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Kimball, Minnesota
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October 20, 2016     Tri-County News
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October 20, 2016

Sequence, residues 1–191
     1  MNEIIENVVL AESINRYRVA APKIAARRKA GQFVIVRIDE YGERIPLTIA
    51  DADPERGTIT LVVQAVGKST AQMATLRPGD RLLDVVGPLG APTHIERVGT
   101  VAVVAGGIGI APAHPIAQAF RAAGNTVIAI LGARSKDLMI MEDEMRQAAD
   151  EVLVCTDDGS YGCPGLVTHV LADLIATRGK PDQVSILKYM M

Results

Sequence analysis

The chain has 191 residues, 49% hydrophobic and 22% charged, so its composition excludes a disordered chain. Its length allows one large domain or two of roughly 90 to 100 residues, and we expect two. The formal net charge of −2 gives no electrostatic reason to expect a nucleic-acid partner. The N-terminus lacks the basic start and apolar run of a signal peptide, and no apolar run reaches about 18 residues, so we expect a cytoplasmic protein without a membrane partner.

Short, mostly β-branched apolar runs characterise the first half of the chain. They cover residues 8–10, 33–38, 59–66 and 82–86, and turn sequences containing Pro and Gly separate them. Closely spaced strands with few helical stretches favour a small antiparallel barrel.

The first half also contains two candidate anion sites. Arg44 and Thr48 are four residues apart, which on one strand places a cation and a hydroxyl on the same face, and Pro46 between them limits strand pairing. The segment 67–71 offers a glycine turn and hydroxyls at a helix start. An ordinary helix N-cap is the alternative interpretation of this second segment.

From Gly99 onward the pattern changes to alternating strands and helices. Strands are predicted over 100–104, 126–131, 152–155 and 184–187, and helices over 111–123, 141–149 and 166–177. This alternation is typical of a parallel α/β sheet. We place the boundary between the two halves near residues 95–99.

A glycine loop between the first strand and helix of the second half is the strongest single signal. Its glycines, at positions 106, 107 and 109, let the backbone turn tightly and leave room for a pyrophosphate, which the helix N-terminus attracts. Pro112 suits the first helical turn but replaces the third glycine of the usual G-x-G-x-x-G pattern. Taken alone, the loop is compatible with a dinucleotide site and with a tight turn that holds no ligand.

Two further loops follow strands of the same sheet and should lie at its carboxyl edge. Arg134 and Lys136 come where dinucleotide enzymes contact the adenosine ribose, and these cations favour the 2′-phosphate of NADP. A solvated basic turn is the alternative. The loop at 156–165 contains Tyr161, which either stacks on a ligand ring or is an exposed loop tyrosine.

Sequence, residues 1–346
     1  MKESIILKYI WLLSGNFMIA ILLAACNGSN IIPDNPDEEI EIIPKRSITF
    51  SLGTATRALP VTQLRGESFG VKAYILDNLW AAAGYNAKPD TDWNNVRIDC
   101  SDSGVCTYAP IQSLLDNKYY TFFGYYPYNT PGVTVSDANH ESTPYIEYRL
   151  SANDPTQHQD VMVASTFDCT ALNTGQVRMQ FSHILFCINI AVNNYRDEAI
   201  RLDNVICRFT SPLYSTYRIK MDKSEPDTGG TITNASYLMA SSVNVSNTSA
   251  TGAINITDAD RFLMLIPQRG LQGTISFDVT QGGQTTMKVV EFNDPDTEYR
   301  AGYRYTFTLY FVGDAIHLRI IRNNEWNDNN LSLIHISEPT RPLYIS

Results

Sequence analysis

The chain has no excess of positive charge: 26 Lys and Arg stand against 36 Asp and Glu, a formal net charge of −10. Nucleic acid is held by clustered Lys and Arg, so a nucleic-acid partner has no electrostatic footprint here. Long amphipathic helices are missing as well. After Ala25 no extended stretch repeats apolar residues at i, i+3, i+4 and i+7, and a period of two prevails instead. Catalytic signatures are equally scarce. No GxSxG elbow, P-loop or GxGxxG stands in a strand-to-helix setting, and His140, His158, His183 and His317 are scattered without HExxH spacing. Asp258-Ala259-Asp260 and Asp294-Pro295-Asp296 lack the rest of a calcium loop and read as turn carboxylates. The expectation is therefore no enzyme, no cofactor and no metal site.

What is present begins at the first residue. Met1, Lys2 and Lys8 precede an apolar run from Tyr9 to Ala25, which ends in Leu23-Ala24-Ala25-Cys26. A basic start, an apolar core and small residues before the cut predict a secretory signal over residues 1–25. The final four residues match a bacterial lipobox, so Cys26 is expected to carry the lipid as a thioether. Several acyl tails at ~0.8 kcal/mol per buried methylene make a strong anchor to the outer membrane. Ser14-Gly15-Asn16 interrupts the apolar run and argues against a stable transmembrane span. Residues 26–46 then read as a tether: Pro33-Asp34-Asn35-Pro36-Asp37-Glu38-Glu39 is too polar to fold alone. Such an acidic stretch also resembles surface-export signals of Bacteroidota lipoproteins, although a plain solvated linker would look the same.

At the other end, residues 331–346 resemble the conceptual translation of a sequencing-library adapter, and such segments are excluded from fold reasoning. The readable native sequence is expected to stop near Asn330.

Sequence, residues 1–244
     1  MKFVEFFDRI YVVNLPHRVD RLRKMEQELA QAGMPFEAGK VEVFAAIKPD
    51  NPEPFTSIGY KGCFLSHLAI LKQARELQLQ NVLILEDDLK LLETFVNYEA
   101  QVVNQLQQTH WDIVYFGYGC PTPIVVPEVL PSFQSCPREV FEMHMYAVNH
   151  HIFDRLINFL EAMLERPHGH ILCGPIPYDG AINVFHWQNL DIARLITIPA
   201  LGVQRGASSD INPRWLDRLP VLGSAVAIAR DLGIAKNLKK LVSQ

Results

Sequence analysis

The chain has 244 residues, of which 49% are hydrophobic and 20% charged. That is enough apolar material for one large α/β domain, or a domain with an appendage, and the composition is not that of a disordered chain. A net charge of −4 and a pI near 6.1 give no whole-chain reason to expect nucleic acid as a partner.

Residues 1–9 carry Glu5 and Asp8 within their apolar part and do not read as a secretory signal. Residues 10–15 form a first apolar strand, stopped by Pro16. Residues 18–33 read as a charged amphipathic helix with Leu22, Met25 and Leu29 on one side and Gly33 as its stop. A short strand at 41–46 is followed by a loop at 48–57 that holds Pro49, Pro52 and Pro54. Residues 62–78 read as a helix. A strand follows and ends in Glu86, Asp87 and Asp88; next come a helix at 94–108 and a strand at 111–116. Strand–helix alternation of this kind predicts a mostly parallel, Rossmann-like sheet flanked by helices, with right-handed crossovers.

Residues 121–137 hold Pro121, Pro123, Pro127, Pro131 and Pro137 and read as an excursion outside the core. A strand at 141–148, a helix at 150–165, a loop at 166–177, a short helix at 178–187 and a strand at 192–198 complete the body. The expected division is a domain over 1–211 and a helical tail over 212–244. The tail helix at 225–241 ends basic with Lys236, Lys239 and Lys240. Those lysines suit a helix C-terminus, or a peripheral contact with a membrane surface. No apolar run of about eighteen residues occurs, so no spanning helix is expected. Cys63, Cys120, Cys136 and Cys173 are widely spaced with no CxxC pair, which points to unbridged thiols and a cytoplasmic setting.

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............. www.tricountynews.mn i !' y Community Ed launches shoe collection Drive to raise money for Lir Eagles/Eagle Kids Shoe donations will also sup- port micro-enterprises in develop- ing nations and reduce what goes into landfills. Community Ed is conduct- ing a shoe collection drive on Oct. 17, 2016 to Jan. 17, 2017, to raise funds for Lil' Eagles/Eagle Kids. Lil' Eagles/Eagle kids will earn funds based on the number of pairs collected as Funds2Orgs will purchase all of the donated goods. Those dollars will bene- fit Lil' Eagles/Eagle kids. Anyone can help by donating gently worn, used or new shoes at the Lil' Eagles Center: 187 Cossairt Ave Eden Valley, Eden Valley Library, Eden Valley City Hall, Eden Valley- Watkins High School front office, Eden Valley Elementary School, Watkins City Hall, Eden Valley Community Ed Office and BI Worldwide Lunchroom. All donated shoes will then be redistributed throughout the Funds2Orgs network of micro- enterprise partners in develop- ing nations. Funds2Orgs helps impoverished people start, main- tain and grow businesses in coun- tries such as Haiti, Honduras and other nations in Central America and Africa. Proceeds from the shoe sales are used to feed, clothe and house their families. One bud- ding entrepreneur in Haiti even earned enough to send her son to law school. "We are excited about our shoe drive," said Shannon Larson, Eagle Kids Coordinator. "We know that most people have extra shoes in their closets they would like to donate to us and help those less fortunate become self-sufficient. It's a win-win for everyone," added Shannon. By donating shoes to the Lil' Eagles/Eagle Kids Program, the shoes will be given a second chance and make a difference in people's lives. Six wheelchair user lessons from Minnesota By DanielL Vance MS, LPCC Months ago, 56-year-old Susan Schaub of Albert Lea, Minn., had ankle surgery. She then wrote about her six-week experience of having to use a wheelchair and gave me permission to publish it here. Here is what she wrote: Having just had ankle surgery and told I had to stay off my feet and keep my ankle elevated, my only choice was a wheelchair. And having had a daughter with spina bifida who spent 17 years using a wheelchair, I thought I knew everything. Wow, was I wrong! I didn't have a clue how clueless I was. LESSON 1: It's not as easy as it looks. Right now, I'm using the standard "push me around the hospital" model. The only differ- ence between my chair and the car Fred Flintstone drove cruis- ing Bedrock is that I use my hands instead of feet to power it. It's ;exhausting! arms. Even after arriving at my destination, such as the refrigera- tor, half the time I can't reach what I want anyway. For the first time in my life, I can honestly say I wish I had arms like an orangutan. LESSON 3: The refrigerator. All food, especially desserts and comfort foods, should be kept in the lower half of the refrigerator. It doesn't do any good for neigh- bors to bring meals if they end up on the top shelf of the fridge. If you're trying to lose weight while in a wheelchair, this is a great diet plan. Usually, the bottom section of the fridge contains raw veggies and protein items. LESSON 4: You need a lot of room. Maybe it's just me, but I have found life would have been easier had I spent the last four weeks living in a gymnasium that contained a bed, easy chair, tele- vision, and table. The conces- sion stand would have served as a kitchen. I have nicked every door- ; LESSON 2: We need longer way and piece of furniture in my house. LESSON 5: Always apply the brakes when getting in or out. I learned this the hard way. LESSON 6: People using wheel- chairs are my heroes! I've replaced feeling bad for people in wheel- chairs to being in awe. Life in a wheelchair is challenging, yet peo- ple do it daily with courage, deter- mination, strength, and a smile. Wheelchairs bless those needing them and the people in them are a blessing, too. 2 p.m. Mondays :PAGE 9 October 20, 2016 ! and see our renovated yainery and sh0 35885 704th Ave., Kimball: ::..i south to Kingston Drive, go west 112 .... which will of VeRP Tu4t 3 AJRE Thursday, Friday, Saturday November 10-12 5:30 p.m. Social, 6:30 p.m. Dinner 7:30 p.m. Showtime Sunday, November 13, Matinee i 12.-00 p.m. Social, 1.'~ p.m. Lunch 2.-00 p.m, Showtime Thursday, Friday, Saturday November 17-18 5:30 p.m. Social, 6:30 p.m. Dinner 7:30 p.m. Showtlme Sunday, November 19, Matinee 12:00 p.m. Social, 1.430 p.m. Lunch 2:00 p.m. Showtime Meal Choices: Pork Medallions or Chicken Boursin. Gluten Free and vegetarian available upon request. Dinner Theatre Tickets $38 includes show, meal, gratuities. "Drinking Habits" overflows with laughs and nun-sense. Enjoy a great meal and entertaining play! Tickets: 320 241-4682 or GNTCl.com This organization is funded, in part, by the voters of Minnesota through a grant from the Central Minnesota Arts Board, thanks to a legislative appropriation from the arts and cultural heritage fund. Conveniently located in Downtown Watkins! (320) 764-2890